Christie’s Supreme Court Nominee Advancing Quickly
Gov. Chris Christie’s latest candidate for the state Supreme Court won unanimous approval Thursday from the Senate Judiciary Committee and is on track for confirmation Monday by the full Senate.
Walter Timpone, of Cranford, a former federal prosecutor and longtime partner in the McElroy, Deutsch, Mulvaney & Carpenter law firm, was a compromise choice, and his confirmation will end a nearly six-year political battle and vacancy on New Jersey’s highest court.
“There’s probably nothing important to me as a lawyer and as a person to maintain my integrity and to be objective and to be dispassionate and also to be fair,” Timpone said. “I think it’s the hallmark of what we should be as human beings, and I think it’s very important for when you practice law.”
Timpone, 65, satisfied senators with his explanation of two nagging issues — a visit to U.S. Sen. Robert Torricelli in 2002 when the senator was under federal investigation, and his recusal as a member of the Election Law Enforcement Commission that ended a case against the Essex County executive.
Timpone also was asked to explain his short-term representation of Bridget Kelly in the Bridgegate case, but wasn’t pressed hard on those matters. The loudest grumbling was actually about the speed with which senators must vet and vote on the nominee, who was announced last week.
“It makes it appear as if there’s something that we have to rush based upon you, since we’ve kept this seat open for six years,” said Sen. Nia Gill, D-Essex, who asked for an extra week to add “a legitimacy to the process.”
Timpone is a Democrat who will fill the seat that has been vacant since Christie didn’t renominate Justice John Wallace Jr. in 2010. He tried for years to install an additional Republican, but Democrats voted down or refused to consider four different nominees, saying the court would lack its traditional political balance if it had four Republicans, one independent and two Democrats.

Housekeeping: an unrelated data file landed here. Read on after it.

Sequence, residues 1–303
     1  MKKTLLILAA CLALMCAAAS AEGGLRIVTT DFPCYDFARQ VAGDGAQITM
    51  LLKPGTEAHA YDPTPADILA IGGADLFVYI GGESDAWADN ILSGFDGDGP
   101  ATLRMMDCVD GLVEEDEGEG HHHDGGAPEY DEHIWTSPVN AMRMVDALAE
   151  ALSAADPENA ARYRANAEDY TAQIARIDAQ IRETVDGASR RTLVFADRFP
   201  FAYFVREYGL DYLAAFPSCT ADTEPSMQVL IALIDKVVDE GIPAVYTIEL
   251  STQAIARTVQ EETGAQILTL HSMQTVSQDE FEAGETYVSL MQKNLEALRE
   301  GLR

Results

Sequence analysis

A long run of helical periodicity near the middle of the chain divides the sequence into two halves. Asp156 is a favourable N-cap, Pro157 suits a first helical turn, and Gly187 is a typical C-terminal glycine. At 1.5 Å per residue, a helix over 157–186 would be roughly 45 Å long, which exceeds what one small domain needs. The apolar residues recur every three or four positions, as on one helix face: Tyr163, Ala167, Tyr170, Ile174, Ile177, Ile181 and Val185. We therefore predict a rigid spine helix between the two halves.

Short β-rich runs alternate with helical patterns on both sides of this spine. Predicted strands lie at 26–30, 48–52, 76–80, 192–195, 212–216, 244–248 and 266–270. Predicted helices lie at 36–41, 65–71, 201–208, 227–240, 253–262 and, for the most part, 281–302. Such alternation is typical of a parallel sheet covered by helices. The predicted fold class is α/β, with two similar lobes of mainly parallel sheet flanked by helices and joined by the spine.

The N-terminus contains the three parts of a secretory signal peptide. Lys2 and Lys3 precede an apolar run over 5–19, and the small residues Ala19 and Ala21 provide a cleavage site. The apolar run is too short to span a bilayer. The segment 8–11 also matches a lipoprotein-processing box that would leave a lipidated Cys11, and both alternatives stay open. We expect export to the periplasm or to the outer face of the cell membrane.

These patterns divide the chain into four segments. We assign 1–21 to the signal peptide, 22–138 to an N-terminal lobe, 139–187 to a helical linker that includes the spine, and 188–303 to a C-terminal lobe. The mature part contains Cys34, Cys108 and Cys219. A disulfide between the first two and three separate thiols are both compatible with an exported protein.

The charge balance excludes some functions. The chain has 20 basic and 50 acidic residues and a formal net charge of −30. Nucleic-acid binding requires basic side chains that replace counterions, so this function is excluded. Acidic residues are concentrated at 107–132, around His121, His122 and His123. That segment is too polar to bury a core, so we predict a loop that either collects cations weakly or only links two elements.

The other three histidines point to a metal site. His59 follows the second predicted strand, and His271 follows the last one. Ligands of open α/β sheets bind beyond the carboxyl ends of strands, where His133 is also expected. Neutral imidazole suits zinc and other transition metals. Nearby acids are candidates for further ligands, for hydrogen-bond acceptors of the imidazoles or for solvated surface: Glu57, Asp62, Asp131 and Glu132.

“This is a very special day,” said Sen. Kevin O’Toole, R-Essex, “that there is a reaching across the aisle with both parties to making some good happen.
Here’s how Timpone explained away a few lingering controversies:
In 2002, Timpone was in line to become Christie’s top assistant when Christie became U.S. attorney. During that process, he interviewed with New Jersey’s two United States senators – at the time, Jon Corzine and Robert Torricelli.
The meeting with Torricelli came in an office at the senator’s Englewood home. It also came at a time Torricelli was being looked at by federal prosecutors regarding possible campaign-finance violations, and investigators were cooperating with a client of Timpone’s – then-Hudson County Executive Robert Janiszewski – on secretly taping conversations with the senator.
Timpone said Janiszewski didn’t come up at the meeting, which was also attended by aides to the senator. But when two prosecutors looking at Torricelli called his days later asking him if he socialized with Torricelli, he said he did not – and rather than encourage a direct question, got defensive.